Georgia Southern & The Importance Of Attitude

Notre Dame is not what anyone would call a preliminary, and neither is Ohio State. Yet, in a certain sense, the preliminaries are over for Navy this season. Nine up-and-down games have come and gone, with Keenan Reynolds's injury problems getting in the way of both progress and results. Now, though, Navy needs to win three in a row to close its campaign. You can't get three without the first one.


The “regular” part of the regular season for Navy is done. Weekly football has already been left in the rearview mirror, and this Saturday, the Midshipmen will also say goodbye to a home crowd in Annapolis as they play their final home game of the season.

This is the second half of November, so it must be the time of year when games are either preceded or followed by off weeks instead of games. Navy enters its final three contests with a chance to gain extra rest and preparation before all three. There’s something else about each of these three games which has to be pointed out: Navy needs to win them in order to finish the regular season with a winning record. That really matters in an autumn which has seen so many other goals come and go without being attained.

Bad luck is a part of sports and a fact of life. It emerges for most of us, and it certainly did for Navy in the form of Keenan Reynolds’s injury issues. Navy can’t do a thing about that. However, the Midshipmen’s offense has looked itself again in the past two games against San Jose State and Notre Dame. That, at least, has restored the belief that this program is still doing the kinds of things it is supposed to do in the way it is supposed to do them.

Dreams of a 10- or 11-win season flew out the window a long time ago in Annapolis. That’s okay. As long as Navy wins these next three games, the season can be viewed with a smile – maybe not a silly grin or a belly laugh, but a quiet smile borne of the satisfaction which flows from resilience. If Navy shores itself up in these bye-week-laden battles, everyone in and around the program can look to 2015 with due optimism.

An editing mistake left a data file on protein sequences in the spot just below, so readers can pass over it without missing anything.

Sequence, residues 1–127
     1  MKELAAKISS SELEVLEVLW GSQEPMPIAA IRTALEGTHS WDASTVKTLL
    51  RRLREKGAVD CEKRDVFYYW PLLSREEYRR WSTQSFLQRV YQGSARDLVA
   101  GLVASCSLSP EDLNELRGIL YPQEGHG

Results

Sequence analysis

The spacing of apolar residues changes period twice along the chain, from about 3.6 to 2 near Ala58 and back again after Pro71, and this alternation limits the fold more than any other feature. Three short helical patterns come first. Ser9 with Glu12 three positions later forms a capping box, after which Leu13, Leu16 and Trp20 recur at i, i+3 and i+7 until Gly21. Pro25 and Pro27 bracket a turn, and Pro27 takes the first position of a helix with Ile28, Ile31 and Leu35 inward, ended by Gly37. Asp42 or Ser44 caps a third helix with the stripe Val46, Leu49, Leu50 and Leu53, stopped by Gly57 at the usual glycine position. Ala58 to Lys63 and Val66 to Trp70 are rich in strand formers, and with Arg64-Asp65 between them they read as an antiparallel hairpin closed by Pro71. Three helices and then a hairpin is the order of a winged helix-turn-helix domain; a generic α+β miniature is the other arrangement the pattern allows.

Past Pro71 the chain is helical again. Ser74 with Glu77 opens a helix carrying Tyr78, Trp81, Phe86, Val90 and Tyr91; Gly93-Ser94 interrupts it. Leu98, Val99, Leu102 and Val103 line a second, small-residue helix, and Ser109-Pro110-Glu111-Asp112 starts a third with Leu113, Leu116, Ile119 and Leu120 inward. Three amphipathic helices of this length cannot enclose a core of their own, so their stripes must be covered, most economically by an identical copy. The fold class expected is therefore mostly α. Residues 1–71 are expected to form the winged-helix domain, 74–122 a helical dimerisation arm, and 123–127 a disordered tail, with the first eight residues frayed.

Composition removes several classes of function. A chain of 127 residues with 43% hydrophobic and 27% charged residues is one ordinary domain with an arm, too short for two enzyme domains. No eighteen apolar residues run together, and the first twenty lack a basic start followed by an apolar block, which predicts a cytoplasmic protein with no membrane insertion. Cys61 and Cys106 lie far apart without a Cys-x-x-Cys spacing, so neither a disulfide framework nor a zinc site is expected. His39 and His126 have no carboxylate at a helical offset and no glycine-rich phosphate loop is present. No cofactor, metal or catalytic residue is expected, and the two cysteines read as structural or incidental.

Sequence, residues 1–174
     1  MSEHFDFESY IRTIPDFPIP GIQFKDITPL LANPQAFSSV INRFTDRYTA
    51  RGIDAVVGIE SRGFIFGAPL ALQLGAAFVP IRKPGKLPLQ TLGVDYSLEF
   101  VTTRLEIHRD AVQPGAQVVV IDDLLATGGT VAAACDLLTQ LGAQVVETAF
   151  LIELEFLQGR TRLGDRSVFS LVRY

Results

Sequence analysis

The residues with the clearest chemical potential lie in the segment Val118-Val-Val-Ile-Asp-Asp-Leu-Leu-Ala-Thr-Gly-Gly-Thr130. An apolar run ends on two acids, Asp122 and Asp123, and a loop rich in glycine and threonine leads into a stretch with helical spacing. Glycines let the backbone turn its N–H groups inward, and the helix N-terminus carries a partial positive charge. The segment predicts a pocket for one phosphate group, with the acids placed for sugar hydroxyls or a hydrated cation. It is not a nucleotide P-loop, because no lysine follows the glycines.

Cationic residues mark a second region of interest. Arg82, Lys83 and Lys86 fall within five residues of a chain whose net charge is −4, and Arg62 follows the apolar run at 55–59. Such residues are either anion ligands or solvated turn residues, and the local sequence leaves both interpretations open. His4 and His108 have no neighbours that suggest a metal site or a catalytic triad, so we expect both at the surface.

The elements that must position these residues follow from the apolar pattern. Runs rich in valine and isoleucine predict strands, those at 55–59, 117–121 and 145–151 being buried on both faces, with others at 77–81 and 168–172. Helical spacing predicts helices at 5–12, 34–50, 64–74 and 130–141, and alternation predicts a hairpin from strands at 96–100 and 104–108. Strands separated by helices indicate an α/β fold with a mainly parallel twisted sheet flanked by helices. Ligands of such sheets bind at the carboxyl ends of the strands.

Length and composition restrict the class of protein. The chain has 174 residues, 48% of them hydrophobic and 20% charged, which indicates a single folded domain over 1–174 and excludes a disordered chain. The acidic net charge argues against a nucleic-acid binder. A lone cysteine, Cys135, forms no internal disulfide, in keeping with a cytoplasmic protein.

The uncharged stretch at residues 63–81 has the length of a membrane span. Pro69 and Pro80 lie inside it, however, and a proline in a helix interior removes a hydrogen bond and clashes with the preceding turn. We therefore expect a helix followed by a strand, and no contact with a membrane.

Army will be its own special challenge, and South Alabama has a winning record, but as much as those two teams might test the Midshipmen, the opponent which stands in the way more than any other is Georgia Southern. This team’s attitude is clearly the best among Navy’s remaining opponents, so the Men Of Ken Niumatalolo will have to display maximum fortitude against coach Willie Fritz’s forces on Saturday.

Georgia Southern, should it win its season finale against Louisiana-Monroe on Nov. 29, will clinch at least a tie for the Sun Belt title in its first season in the league, which has doubled as the program’s first season in the FBS after playing last season in the FBS. Fritz, who established an FCS powerhouse at Sam Houston State, has moved to the FBS – and a new program – without missing a beat. He has taken what was already a quality program and maintained the right internal subculture. Moreover, Georgia Southern – the team that upset Florida in The Swamp last season – has fared well against power-conference teams this season. The Eagles lost at North Carolina State by one point (remember that NCSU led Florida State by 10 in the third quarter this season) and were beaten by Georgia Tech in Atlanta on a last-minute touchdown. Georgia Tech’s coach is, as you know, former Navy boss Paul Johnson. The point of mentioning that obvious detail is simply to convey the fact that Georgia Southern has gone toe-to-toe with a more credentialed FBS triple-option team - on the road, no less – and played a game on even terms. If Navy is expecting to cruise here, it’s bringing the wrong attitude to the ballpark. If Navy does bring that mentality to Annapolis on Saturday… well… the Midshipmen can expect to be 4-6, their hopes of a bowl and a seven-win season on life support.

Navy’s offense is certainly capable of winning this game big. The capabilities of this offense are not in question, nor should they be. Right now, it’s all about the doing for the Midshipmen, and the doing begins with a tunnel-vision focus on each nuance of each individual play. Looking that ball into one’s arms (which Reynolds didn’t do on the trick play which snookered Notre Dame’s defense), finishing a pitch, making clean exchanges, processing reads against the defense – if Navy can tend to the basic details against Georgia Southern, it should be fine.

Attitude is everything for a team whose preliminaries have ended, a team that needs to win three games and find itself smiling on the evening of December 13. Top Stories